And Our Next President Will Be…

I think the next President will be Hillary Clinton. All the political betting websites think so. Her odds are better than all others by a comfortable margin:

This isn’t an ironclad prediction. She might not win. It certainly seems like public enthusiasm for her campaign has waned significantly. But where people are willing to put money on the line, they’re putting it on Hillary Clinton.

I put far more stock in what the betting sites say rather than official polls. Anybody can say anything in a poll. On the eve of the 2012 Presidential election, the polls were showing a slight Mitt Romney lead. Romney really thought he was going to win. I think Obama was deathly afraid he was going to lose. But Obama never had anything to fear; the betting sites were on his side the whole time. While poll after poll came out showing a Romney victory, the betting sites remained unfazed: they predicted an Obama victory.

This is an application of the Law of Large Numbers. Where millions of people put their judgement together, you can average the responses to an answer almost invariably close to reality. This falls in line with Austrian economic theory, which states that the most useful knowledge in any economy lies with consumers in a free market who put that knowledge to use through purchase decisions and resource allocations. In this case, the most useful political knowledge lies with the people who are putting their money where their mouth is. Anybody can say anything in a telephone poll; but where people are putting their money on the line, you can find useful knowledge capable of producing reliable results. These results are saying that Hillary will win.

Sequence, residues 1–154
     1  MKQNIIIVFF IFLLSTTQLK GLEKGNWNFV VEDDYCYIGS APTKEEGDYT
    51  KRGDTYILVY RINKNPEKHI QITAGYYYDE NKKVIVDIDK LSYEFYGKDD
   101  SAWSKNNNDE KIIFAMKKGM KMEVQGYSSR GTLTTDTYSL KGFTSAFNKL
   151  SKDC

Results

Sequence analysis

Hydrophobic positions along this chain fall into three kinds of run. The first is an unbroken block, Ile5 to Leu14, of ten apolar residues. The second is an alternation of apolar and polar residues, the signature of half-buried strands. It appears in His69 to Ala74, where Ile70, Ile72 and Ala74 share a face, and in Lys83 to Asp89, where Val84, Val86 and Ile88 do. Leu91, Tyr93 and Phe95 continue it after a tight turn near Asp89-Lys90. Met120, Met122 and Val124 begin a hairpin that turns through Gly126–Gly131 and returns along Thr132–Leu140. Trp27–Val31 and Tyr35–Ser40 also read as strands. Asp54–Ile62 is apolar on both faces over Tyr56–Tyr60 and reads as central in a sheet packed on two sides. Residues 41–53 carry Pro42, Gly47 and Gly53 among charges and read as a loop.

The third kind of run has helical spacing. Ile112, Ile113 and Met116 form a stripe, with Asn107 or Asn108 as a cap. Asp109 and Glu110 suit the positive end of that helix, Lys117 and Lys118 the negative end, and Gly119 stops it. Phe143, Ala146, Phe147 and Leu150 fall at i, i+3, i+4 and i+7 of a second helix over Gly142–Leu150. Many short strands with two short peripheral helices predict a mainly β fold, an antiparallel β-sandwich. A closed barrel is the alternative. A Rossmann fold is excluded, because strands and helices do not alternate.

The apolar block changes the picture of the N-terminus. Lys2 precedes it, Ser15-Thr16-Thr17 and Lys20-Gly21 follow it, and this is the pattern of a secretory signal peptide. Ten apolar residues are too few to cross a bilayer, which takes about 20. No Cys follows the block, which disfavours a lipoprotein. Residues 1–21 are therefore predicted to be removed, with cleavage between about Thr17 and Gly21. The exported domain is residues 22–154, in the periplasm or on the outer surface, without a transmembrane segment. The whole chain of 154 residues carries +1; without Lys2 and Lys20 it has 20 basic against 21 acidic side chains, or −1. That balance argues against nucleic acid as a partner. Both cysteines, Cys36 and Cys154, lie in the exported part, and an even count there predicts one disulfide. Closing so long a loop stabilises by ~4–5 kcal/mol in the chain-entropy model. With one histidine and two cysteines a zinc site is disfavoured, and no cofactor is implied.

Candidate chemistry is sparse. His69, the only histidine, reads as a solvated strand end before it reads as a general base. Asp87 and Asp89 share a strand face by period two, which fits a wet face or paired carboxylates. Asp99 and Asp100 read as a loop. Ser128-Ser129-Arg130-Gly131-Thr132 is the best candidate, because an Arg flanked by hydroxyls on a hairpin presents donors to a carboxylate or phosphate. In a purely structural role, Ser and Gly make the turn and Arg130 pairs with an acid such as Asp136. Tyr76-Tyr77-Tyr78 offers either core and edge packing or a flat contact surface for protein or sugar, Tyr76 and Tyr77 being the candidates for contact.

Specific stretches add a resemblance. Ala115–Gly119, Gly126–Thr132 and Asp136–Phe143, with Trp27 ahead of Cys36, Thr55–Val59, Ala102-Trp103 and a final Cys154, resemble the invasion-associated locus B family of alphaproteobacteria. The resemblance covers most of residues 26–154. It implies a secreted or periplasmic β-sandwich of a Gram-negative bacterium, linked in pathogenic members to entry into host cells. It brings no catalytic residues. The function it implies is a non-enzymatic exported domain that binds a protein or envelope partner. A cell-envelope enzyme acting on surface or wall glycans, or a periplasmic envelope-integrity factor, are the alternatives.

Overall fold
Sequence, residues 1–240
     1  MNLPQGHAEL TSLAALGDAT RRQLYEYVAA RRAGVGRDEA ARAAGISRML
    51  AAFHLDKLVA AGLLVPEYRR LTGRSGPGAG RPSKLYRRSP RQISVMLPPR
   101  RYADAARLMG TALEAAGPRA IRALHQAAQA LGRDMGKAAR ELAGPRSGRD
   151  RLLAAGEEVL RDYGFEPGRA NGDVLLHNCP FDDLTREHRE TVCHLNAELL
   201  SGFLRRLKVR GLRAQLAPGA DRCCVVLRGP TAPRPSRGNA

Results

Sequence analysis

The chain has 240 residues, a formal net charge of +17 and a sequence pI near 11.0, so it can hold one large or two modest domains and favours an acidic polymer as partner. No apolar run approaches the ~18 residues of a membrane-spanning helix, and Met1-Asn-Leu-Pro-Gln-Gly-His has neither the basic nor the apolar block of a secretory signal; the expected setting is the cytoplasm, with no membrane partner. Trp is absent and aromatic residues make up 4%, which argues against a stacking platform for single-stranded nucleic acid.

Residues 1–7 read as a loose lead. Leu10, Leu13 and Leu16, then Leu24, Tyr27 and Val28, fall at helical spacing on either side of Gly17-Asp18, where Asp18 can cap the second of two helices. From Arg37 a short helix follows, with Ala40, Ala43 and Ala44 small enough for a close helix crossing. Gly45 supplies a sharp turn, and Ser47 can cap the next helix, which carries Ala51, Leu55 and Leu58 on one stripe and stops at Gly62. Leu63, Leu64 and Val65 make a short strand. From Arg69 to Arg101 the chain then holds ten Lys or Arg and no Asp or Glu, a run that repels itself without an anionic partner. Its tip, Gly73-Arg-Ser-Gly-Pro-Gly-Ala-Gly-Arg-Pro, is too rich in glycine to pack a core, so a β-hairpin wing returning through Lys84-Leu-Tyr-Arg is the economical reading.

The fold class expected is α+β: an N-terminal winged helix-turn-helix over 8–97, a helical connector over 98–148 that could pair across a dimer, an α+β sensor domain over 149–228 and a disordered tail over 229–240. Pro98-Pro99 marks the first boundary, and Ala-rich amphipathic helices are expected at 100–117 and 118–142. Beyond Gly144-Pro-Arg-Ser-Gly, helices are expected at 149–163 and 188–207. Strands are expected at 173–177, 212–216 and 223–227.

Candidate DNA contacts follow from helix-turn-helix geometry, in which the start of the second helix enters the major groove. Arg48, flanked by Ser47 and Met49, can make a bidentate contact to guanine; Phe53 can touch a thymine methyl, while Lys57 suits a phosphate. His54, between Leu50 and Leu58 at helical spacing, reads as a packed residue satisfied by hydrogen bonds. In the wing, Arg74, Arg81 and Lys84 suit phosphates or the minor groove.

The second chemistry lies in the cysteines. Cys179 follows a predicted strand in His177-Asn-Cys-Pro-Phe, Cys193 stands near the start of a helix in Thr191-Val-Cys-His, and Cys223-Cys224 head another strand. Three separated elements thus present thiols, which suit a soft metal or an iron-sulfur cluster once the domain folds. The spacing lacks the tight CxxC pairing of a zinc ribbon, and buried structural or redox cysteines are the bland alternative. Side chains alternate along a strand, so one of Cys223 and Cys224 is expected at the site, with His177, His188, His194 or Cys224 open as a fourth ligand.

On the whole, I am not incredibly interested in the 2016 Presidential election. No matter who wins, I do not expect an enormous shift in policy. I could go gonzo over the election and put signs in my front yard, but why even bother? I don’t expect it to have much of an impact in any positive sense. This is because I do not think much power really lies with the President. I do not even think much power necessarily lies with Congress in this day and age. In my opinion, we live in the Age of the Central Banker. I think most of the power in America is concentrated in the Federal Reserve, and that all of the major players in American politics are going to come out of the Council on Foreign Relations, Trilateral Commission, and Skull & Bones anyway. They are all birds of a feather who flock together, both Republican and Democrat.

For entertainment’s sake, though, let’s talk about the other candidates. We’ll start with Trump.


Trump is a true outsider. The Republican Establishment in Washington hates him. He is uncontrollable, and a loose cannon. The Republican Establishment does not want to have to clean up after him. Loose cannons make big messes.